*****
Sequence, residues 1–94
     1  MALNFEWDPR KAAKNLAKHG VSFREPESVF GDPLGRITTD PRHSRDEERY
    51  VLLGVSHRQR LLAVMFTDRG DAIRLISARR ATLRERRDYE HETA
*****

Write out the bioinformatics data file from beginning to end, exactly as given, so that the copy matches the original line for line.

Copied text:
Sequence, residues 1–94
     1  MALNFEWDPR KAAKNLAKHG VSFREPESVF GDPLGRITTD PRHSRDEERY
    51  VLLGVSHRQR LLAVMFTDRG DAIRLISARR ATLRERRDYE HETA